On the other end of things, if you’re single, no kids and of either gender then forget it. Soon as the unemployment runs out then it’s “hit the streets” cause if you can’t pay then that’s all there’s left. It’s not right but then again, there’s a lot that’s not right in the world and it all involves people, yes?

  22. Bill Clinton going to North Korea was the ‘price’ the North Koreans were asking for their freedom. The Chief of Police of Cleveland wouldn’t cut it.
    If it’s you assertion that governments only spend significant sums of money on people as a PR stunt I disagree. Some organ transplants cost more than 60K and they don’t all make the news.
    Going off on a tangent slightly I remember the Daily Show had on an economist guest on discussing the mad bail outs. Jon Stewart suggested that what if they divided up the trillions and just gave it out to every household instead and let them start their own business’ and ideas etc. instead of rewarding greed and stupidity. Incredibly the economist agreed with him! Jon Stewart was shocked with himself for solving the crisis! Pity no one in government would take up the idea.
    By the way Bock you might want to look into the real costs of this trip instead of making assumptions:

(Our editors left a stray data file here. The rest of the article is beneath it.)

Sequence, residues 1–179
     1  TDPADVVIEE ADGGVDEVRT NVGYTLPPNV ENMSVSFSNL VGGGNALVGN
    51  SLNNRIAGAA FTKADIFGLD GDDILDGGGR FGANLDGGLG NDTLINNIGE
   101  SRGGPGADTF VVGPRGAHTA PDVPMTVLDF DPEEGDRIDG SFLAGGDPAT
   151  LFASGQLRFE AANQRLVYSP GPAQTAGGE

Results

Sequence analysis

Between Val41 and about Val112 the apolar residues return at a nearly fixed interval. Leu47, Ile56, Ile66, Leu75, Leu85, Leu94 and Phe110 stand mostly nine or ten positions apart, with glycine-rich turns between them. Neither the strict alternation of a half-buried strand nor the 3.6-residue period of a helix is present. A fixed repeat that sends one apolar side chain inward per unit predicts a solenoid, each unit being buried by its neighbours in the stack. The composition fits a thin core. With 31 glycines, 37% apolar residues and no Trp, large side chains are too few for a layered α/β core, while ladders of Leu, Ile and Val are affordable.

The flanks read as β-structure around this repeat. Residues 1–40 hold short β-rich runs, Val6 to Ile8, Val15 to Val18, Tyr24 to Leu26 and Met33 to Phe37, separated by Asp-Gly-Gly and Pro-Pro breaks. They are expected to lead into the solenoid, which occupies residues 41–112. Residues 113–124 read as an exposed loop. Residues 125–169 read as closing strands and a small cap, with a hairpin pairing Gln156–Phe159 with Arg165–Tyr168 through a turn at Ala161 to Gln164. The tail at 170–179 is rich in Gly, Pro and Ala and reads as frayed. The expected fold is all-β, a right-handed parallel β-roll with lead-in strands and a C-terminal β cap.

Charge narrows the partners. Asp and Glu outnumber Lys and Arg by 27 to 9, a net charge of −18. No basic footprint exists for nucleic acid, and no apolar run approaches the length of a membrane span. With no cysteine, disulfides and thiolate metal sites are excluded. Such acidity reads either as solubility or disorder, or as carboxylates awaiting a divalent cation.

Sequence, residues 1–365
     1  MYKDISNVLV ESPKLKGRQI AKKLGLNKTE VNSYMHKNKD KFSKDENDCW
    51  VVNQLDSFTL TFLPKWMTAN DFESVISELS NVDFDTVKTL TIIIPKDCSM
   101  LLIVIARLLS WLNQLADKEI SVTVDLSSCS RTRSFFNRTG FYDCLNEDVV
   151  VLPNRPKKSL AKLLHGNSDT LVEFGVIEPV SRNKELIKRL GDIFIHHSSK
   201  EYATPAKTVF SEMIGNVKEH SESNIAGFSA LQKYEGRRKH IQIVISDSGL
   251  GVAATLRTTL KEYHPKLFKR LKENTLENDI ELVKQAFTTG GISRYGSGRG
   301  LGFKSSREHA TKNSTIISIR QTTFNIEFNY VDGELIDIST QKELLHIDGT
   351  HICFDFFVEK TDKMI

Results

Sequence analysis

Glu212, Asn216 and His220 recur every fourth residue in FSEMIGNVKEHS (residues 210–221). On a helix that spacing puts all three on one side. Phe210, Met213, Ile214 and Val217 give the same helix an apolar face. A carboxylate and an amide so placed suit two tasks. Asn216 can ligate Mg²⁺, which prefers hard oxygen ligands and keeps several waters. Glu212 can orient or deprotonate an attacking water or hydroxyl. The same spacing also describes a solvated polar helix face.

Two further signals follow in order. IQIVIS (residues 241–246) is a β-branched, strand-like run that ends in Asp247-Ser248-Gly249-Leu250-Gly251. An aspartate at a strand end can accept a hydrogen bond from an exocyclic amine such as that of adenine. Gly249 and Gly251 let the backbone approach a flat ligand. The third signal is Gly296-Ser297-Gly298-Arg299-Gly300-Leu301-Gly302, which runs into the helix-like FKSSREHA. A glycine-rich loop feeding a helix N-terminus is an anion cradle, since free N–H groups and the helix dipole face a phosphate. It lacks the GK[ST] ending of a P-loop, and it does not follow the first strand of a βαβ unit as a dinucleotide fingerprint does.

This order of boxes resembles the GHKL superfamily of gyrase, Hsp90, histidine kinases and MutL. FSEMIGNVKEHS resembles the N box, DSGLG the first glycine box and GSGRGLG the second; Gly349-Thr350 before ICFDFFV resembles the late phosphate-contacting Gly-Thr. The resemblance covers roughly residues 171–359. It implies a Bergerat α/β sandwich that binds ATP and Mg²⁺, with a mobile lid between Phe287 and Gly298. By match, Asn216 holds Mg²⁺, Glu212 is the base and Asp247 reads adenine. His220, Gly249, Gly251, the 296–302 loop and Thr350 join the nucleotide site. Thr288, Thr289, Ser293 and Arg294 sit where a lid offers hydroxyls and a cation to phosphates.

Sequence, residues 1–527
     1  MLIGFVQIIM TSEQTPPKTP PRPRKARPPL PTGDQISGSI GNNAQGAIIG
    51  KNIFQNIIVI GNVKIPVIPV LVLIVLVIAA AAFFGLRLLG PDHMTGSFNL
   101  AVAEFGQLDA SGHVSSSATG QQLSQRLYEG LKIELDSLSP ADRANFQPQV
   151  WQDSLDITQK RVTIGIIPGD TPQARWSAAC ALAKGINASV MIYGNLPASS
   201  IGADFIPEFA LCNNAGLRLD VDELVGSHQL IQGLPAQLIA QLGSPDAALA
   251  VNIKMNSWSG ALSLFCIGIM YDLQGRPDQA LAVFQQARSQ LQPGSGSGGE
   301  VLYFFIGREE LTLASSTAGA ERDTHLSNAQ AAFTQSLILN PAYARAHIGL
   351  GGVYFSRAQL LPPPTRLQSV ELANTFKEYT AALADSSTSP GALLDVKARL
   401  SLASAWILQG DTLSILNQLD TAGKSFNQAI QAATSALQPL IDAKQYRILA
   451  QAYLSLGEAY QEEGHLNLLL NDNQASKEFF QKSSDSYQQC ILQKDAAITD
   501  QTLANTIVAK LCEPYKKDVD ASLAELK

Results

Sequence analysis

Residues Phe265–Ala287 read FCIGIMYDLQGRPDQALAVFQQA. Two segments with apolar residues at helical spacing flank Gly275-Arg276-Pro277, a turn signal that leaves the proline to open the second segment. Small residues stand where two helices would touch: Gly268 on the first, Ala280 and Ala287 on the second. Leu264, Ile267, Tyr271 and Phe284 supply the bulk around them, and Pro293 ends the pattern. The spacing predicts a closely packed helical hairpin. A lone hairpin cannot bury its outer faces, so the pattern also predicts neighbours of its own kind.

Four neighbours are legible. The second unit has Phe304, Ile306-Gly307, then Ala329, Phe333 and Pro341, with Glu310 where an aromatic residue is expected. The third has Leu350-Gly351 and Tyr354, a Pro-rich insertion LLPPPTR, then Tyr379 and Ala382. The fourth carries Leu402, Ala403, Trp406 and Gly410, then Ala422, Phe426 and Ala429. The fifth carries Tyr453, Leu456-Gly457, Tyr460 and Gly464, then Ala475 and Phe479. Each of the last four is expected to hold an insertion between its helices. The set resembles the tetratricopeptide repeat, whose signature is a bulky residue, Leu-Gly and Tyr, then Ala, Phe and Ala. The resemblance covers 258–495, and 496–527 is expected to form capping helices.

“The private aircraft used to transport former President Bill Clinton and two U.S. journalists back from North Korea is owned by Hollywood producer Steve Bing…….The multimillion-dollar producer, who owns Shangri-LA Entertainment group, also reportedly paid for the flight.”

  23. I have to give Clinton credit. Independent of your opinion of him, he got the job done very quickly. My only takeaway from this situation is that 2 journalists are home safe and sound.


  24. This is just wonderful news. Who better to have gone to North Korea to potentially secure the release of those two journalist. Trust that everything goes well, and they are put on that plane when Bill is set to return.

    By the way, I am a spamming prick.

  25. hmmm..Can you imagine the conversation in the Clinton household..’Rightio..Im offsky Hils’ “Where petal?’ ‘Just a quick jaunt to pick up 2 oriental burds off a Korean bloke I know, back in a few days.’ ‘You are in your bollox kiddo!!’

  26. Bing payed for the flight, Dow Chemicals seems to have thrown in a bit of cash too. But you knew that and were just winding us up, right?

  27. I didn’t know that.

    So it was a corporate publicity stunt then, was it?

    Classier than opening a supermarket anyway.

  28. “So it was a corporate publicity stunt then, was it?”
    Hardly Bock I didn’t see the hostages draped in Corporate logos and whatever did you? Now you are being very cyncial.